The short answer is, if it is not in the contract then it is not your responsibility.
The longer answer depends on how much you have invested into the property and how much you want to actually own the property at some later date. Do you want to lose the house due to not having insurance, which is a violation of the current mortgage on the property, and could result in lender placed insurance and/or foreclosure. The same goes for non-payment of property taxes, which are also required to be kept current by the lender. Of course, if there is no mortgage on the property then you can always take the chance that home won't burn down and that your contract specifically states that when the property is transferred to you it will be done so free and clear of liens.
Hopefully you have a Real Estate Consultant that helped you negotiate the deal and can help you negotiate this new wrinkle. Unfortunately too many people enter into a rent to own or lease options without consulting a Real Estate Professional and/or an attorney and this is one of the resulting problems. Questions like this just seem to slip through the cracks because no one thought of them when the entered into the agreement. The seller was looking to get out from a bad situation and the renter / soon to be owner is thinking they are getting a smoking deal. It looks more like you might have gotten a smoking gun.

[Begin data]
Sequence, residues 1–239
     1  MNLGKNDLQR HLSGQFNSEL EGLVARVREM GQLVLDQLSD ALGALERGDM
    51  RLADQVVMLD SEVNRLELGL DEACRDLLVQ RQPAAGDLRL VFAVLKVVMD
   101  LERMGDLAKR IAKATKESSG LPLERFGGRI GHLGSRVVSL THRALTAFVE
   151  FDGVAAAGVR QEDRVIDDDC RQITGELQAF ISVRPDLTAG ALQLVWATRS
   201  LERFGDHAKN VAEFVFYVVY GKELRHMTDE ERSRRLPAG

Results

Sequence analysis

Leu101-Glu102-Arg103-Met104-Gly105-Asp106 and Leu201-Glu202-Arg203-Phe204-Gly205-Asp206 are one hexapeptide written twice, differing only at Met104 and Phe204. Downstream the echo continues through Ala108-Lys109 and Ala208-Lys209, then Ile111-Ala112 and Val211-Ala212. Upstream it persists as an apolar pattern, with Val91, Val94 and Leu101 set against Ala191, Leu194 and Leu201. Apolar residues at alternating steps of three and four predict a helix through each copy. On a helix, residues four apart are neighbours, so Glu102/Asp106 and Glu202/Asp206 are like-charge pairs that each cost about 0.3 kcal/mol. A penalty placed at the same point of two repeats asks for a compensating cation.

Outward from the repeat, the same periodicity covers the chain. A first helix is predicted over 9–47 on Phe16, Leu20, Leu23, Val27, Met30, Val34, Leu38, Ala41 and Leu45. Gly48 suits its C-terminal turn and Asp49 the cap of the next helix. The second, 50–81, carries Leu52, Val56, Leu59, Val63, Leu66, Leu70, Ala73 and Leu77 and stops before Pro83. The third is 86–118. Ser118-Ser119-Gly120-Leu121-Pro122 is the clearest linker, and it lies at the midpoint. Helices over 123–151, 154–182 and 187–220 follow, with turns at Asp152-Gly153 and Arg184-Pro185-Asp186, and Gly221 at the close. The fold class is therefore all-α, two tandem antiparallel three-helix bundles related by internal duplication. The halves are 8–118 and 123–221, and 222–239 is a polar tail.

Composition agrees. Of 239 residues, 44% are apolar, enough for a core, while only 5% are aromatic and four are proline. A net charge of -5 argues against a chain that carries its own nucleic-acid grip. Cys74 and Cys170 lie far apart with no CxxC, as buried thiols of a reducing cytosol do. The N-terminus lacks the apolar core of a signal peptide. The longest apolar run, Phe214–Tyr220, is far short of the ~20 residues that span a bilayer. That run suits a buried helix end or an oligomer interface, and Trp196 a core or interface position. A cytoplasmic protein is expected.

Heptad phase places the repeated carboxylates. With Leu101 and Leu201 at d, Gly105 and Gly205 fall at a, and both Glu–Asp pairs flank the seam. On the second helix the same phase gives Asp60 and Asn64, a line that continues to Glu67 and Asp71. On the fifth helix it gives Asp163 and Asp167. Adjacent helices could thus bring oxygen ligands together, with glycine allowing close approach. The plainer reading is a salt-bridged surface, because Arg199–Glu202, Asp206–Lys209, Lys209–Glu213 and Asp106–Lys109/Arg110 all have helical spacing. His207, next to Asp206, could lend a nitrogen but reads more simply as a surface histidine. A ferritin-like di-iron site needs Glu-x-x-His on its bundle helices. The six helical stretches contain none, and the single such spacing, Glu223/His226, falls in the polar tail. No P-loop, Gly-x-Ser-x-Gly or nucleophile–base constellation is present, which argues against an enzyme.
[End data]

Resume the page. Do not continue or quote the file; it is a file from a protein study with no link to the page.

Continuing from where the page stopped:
If you are not working with a realtor and need a referral to a good real estate attorney, please feel free to contact me.
Shel-lee Davis BRE #01817412
Real Estate Consultant
International Real Estate Specialist - IRESÂ®
Senior Real Estate Specialist - SRESÂ®
Certified Home Seller Advisor - CHSAÂ®
Certified Home Buyer Advisor - CHBAÂ®
Member - National Association of Certified Expert Advisors - NAEA
Certified Distressed Property Expert - CDPEÂ®
RE/MAX Estate Properties
As a practical matter, you need insurance to protect against loss. I don't know how much into this property you are, but if you put 10% down and have a few thousand above that from the rent-to-own thing, you need to make sure the property is insured. And if the taxes aren't paid and the county forecloses? C'mon!
But - before you surrender - talk to your attorney.